Marquette Bank partnered with a local car club for a combined car show/branch opening.

He also recommends partnering with community groups that have a built-in local audience. “Consider seasonal themes or find something that fits your local area. Kids’ events, senior events, business networking, community cookout, block party—and have fun with it.” Not only does this make for a better experience for the attendees, but it also creates ties to the local business community, nonprofits and schools.

Along those lines, Christy Goza, SVP at Bank of Cleveland in Tennessee, notes when her bank opened a branch outside a new mall, they gave away a $2500 shopping spree along with a number of gift cards to specific mall stores. Another grand opening featured a western theme, she says. “We had a large lot and we brought in a flatbed trailer, had the local high school band play, cheerleaders performed cheers and we even had a bonfire and a bluegrass band.” Although the bank spent more than intended on the barbeque they served, they succeeded in getting the community involved and providing a memorable experience.

Bank of Cleveland brought in local musicians to engage a built-in audience at a branch opening.

Try going easy on the hard sell.

“Grand openings can be tough,” says Stephanie Sullivan, marketing officer at Omaha-based ACCESSbank. It’s true in more ways than one—not only is the event itself a considerable undertaking, but the pressure is on to open new accounts while you have the public’s attention.

Sharon Walsh, VP at Washington Trust in Westerly, R.I., faced the additional challenge of opening a branch with limited parking and a tiny lobby on a congested street. So instead of trying to open new accounts in person during an event, they focused their deposit drive into direct mail and digital channels. Then the bank staff introduced themselves to the neighborhood by holding a “community shred day” at the more spacious local senior center.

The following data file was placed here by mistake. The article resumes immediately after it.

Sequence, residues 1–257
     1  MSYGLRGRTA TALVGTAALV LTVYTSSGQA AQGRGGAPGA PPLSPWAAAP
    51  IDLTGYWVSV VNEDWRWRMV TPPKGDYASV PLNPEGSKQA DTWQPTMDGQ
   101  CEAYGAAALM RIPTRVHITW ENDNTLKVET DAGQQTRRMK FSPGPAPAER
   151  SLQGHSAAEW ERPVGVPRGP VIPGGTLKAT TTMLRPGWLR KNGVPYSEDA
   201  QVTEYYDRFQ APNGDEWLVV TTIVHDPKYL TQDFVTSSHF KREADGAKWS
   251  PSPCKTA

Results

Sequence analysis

Although Sullivan’s bank wasn’t constrained by space, its most recent grand opening was related to an acquisition. “We did away with account opening specials and instead had an ‘Eat and Greet’ with the community,” she explains. “We had the best food trucks in town at each location on three separate days.” Despite the soft-sell approach the results were gratifying. “We had close to 500 in attendance between all the events,” she says. “It was great publicity for us. We even saw more account openings from this event, even though we didn’t push products on attendees.” A side benefit, she says, is that the team was more relaxed, not being held to a goal. “Just some food for thought,” she adds. “Pun intended.”

ACCESSbank created a festival atmosphere for its acquisition-related grand openings by bringing in popular local food trucks.

Kate Young is the senior editor of ABABankMarketing.com. Email: kyoung@aba.com.

A benefit to individual membership in the ABA Bank Marketing Network is the ability to converse through the ABA Bank Marketing Network Groupsite–a members-only discussion group. The thoughts expressed in this article reflect the collective wisdom of Groupsite responses to the question, “We’re opening a new branch next month and I’m finalizing the details of the Grand Opening festivities. Can you share some of your experiences—good and bad—with me??” Join in the discussion today.

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Kate Young

Kate Young is a senior editor at the ABA Banking Journal and editor of ABA Bank Marketing.